Solar water disinfection, also known as SODIS is a method of disinfecting water using only sunlight and plastic PET bottles. SODIS is a free and effective method for decentralized water treatment, usually applied at the household level and is recommended by the World Health Organization as a viable...

 would be. Also, sustainable best practices can involve the recycling
Recycling
Recycling is processing used materials into new products to prevent waste of potentially useful materials, reduce the consumption of fresh raw materials, reduce energy usage, reduce air pollution and water pollution by reducing the need for "conventional" waste disposal, and lower greenhouse...

 of materials, such as the use of recycled plastics for lumber where deforestation has devastated a countries timber base. Another example of sustainable practices in poverty alleviation is the use of exported recycled materials from developed to developing countries, such as Bridges to Prosperity
Bridges to Prosperity
Bridges to Prosperity is a United States-based nonprofit organization that builds footbridges and trains local people in developing countries to build pedestrian bridges...

's use of wire rope from shipping container gantry cranes to act as the structural wire rope for footbridges that cross rivers in poor rural areas in Asia and Africa.

Human relationship to nature


According to Murray Bookchin
Murray Bookchin
Murray Bookchin was an American libertarian socialist author, orator, and philosopher. A pioneer in the ecology movement, Bookchin was the founder of the social ecology movement within anarchist, libertarian socialist and ecological thought. He was the author of two dozen books on politics,...

, the idea that humans must dominate nature is common in hierarchical societies. Bookchin contends that capitalism
Capitalism
Capitalism is an economic system that became dominant in the Western world following the demise of feudalism. There is no consensus on the precise definition nor on how the term should be used as a historical category...

 and market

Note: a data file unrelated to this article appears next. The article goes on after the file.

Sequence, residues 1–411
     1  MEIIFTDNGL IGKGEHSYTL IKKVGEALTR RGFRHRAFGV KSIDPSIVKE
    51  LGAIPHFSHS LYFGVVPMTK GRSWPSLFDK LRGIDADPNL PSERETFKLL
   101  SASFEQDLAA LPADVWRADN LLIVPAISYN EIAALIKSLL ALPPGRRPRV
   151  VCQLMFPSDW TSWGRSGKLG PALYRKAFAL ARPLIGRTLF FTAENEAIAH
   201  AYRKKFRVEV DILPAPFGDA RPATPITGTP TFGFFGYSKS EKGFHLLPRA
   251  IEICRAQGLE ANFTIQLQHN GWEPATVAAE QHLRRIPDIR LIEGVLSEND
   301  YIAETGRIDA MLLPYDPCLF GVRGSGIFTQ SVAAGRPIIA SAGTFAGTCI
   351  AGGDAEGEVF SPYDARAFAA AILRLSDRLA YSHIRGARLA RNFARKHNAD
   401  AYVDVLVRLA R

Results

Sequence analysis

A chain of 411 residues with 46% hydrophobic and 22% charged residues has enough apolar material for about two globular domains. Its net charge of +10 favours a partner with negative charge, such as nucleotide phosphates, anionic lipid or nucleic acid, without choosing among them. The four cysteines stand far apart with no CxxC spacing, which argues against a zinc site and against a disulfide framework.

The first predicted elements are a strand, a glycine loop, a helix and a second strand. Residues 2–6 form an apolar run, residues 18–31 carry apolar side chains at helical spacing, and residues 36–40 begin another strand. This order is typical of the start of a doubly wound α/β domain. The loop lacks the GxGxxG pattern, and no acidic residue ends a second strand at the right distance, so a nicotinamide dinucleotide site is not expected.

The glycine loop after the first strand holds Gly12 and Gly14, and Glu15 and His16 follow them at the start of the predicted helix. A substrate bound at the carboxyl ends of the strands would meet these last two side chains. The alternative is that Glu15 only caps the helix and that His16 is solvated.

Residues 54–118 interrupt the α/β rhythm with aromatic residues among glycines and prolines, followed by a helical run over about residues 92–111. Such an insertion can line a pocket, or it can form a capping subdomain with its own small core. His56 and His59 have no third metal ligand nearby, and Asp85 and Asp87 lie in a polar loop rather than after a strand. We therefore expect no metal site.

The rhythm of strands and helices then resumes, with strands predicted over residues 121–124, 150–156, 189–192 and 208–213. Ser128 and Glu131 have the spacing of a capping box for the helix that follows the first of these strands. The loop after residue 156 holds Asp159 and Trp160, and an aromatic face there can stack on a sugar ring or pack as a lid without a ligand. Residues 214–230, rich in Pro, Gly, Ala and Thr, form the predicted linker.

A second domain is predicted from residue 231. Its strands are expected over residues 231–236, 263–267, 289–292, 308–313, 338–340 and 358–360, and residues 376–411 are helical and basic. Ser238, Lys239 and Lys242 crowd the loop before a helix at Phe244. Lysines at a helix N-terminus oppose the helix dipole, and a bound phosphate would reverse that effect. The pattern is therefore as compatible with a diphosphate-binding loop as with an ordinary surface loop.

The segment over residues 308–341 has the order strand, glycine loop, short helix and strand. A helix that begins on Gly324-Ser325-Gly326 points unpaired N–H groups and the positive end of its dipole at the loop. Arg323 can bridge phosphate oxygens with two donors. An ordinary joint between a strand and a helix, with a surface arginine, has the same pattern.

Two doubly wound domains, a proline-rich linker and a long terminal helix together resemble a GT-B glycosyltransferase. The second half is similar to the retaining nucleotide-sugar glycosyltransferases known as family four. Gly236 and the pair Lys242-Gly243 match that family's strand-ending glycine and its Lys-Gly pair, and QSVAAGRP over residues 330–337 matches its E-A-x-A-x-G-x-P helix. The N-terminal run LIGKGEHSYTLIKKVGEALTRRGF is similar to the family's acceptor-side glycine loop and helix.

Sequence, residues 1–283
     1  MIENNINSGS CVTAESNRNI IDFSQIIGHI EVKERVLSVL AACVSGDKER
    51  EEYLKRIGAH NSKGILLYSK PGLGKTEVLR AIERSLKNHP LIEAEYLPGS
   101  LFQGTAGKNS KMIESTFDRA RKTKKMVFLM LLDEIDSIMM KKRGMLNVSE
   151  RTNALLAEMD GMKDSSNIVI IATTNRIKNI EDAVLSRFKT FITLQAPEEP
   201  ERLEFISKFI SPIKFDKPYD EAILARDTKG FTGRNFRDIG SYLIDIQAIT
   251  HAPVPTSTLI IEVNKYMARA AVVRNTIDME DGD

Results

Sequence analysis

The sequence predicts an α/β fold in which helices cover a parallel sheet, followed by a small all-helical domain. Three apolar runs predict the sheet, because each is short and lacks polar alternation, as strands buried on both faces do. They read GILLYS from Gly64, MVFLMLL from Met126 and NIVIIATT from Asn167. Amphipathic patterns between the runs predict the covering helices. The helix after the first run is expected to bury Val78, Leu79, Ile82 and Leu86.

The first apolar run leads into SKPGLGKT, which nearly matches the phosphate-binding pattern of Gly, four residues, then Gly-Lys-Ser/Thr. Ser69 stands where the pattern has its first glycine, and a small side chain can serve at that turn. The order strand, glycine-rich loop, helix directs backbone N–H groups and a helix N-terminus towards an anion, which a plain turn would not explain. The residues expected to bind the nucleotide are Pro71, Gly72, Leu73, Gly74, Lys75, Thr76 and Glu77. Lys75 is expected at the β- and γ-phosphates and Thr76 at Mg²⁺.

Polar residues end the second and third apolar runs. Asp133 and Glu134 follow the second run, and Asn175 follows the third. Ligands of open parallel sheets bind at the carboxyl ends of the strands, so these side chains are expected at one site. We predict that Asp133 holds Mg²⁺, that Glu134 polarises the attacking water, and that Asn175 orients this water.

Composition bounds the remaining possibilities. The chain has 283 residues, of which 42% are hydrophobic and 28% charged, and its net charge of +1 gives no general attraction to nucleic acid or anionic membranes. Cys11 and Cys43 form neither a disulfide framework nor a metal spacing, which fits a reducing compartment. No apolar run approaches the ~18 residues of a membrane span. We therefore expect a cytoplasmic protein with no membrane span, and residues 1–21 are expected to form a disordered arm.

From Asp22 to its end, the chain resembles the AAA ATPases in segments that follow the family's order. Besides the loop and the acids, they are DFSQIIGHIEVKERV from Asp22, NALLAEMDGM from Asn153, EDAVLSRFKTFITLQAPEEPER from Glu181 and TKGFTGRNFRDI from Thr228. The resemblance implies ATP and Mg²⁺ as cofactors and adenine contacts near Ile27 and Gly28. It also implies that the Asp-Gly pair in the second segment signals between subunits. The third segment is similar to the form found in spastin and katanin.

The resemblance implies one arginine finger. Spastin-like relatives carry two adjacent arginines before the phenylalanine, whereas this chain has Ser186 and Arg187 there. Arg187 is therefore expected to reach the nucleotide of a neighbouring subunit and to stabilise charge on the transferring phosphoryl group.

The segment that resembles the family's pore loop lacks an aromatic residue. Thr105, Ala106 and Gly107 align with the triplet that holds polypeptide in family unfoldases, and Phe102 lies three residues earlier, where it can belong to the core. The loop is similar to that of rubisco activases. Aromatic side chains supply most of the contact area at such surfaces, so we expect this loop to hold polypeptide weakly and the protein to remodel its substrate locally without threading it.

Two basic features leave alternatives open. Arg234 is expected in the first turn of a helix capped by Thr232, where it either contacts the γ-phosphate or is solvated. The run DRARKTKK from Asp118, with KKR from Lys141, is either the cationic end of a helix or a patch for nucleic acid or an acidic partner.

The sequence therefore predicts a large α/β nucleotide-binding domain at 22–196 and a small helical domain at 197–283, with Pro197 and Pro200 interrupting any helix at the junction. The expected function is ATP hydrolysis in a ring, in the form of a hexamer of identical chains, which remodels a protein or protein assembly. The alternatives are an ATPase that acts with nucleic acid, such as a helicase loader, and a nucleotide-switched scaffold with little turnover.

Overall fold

Market
A market is one of many varieties of systems, institutions, procedures, social relations and infrastructures whereby parties engage in exchange. While parties may exchange goods and services by barter, most markets rely on sellers offering their goods or services in exchange for money from buyers...

 relationships, if unchecked, have the capacity to reduce the planet to a mere resource to be exploited. Nature is thus treated as a commodity
Commodity
In economics, a commodity is the generic term for any marketable item produced to satisfy wants or needs. Economic commodities comprise goods and services....

: “The plundering of the human spirit by the market place is paralleled by the plundering of the earth by capital.”

Klein argues that nature should not be alienated from man and vice versa. Hence, in order to build and maintain a balance between the two, conservation
Conservation
Conservation may refer to:* Conservation movement, to protect animals, fungi, plants and their habitats** Conservation biology, the science of the protection and management of biodiversity...

 approaches need to adopt a bottom-up and community involvement approach as opposed to a top-down and Yellowstone approach which alienates man from nature based on the premise that man is harmful to nature.

Still more basically, Bookchin argued that most of the activities that consume energy and destroy the environment are senseless because they contribute little to quality of life and well being. The function of work is to legitimize, even create, hierarchy. For this reason understanding the transformation of organic into hierarchical societies is crucial to finding a way forward.

Social ecology
Social ecology
Social ecology is a philosophy developed by Murray Bookchin in the 1960s.It holds that present ecological problems are rooted in deep-seated social problems, particularly in dominatory hierarchical political and social systems. These have resulted in an uncritical acceptance of an overly...

, founded by Bookchin, is based on the conviction that nearly all of humanity's present ecological problems originate in, indeed are mere symptoms of, dysfunctional social arrangements. Whereas most authors proceed as if our ecological problems can be fixed by implementing recommendations which stem from physical, biological, economic etc., studies, Bookchin's claim is that these problems can only be resolved by understanding the underlying social processes and intervening in those processes by applying the concepts and methods of the social sciences.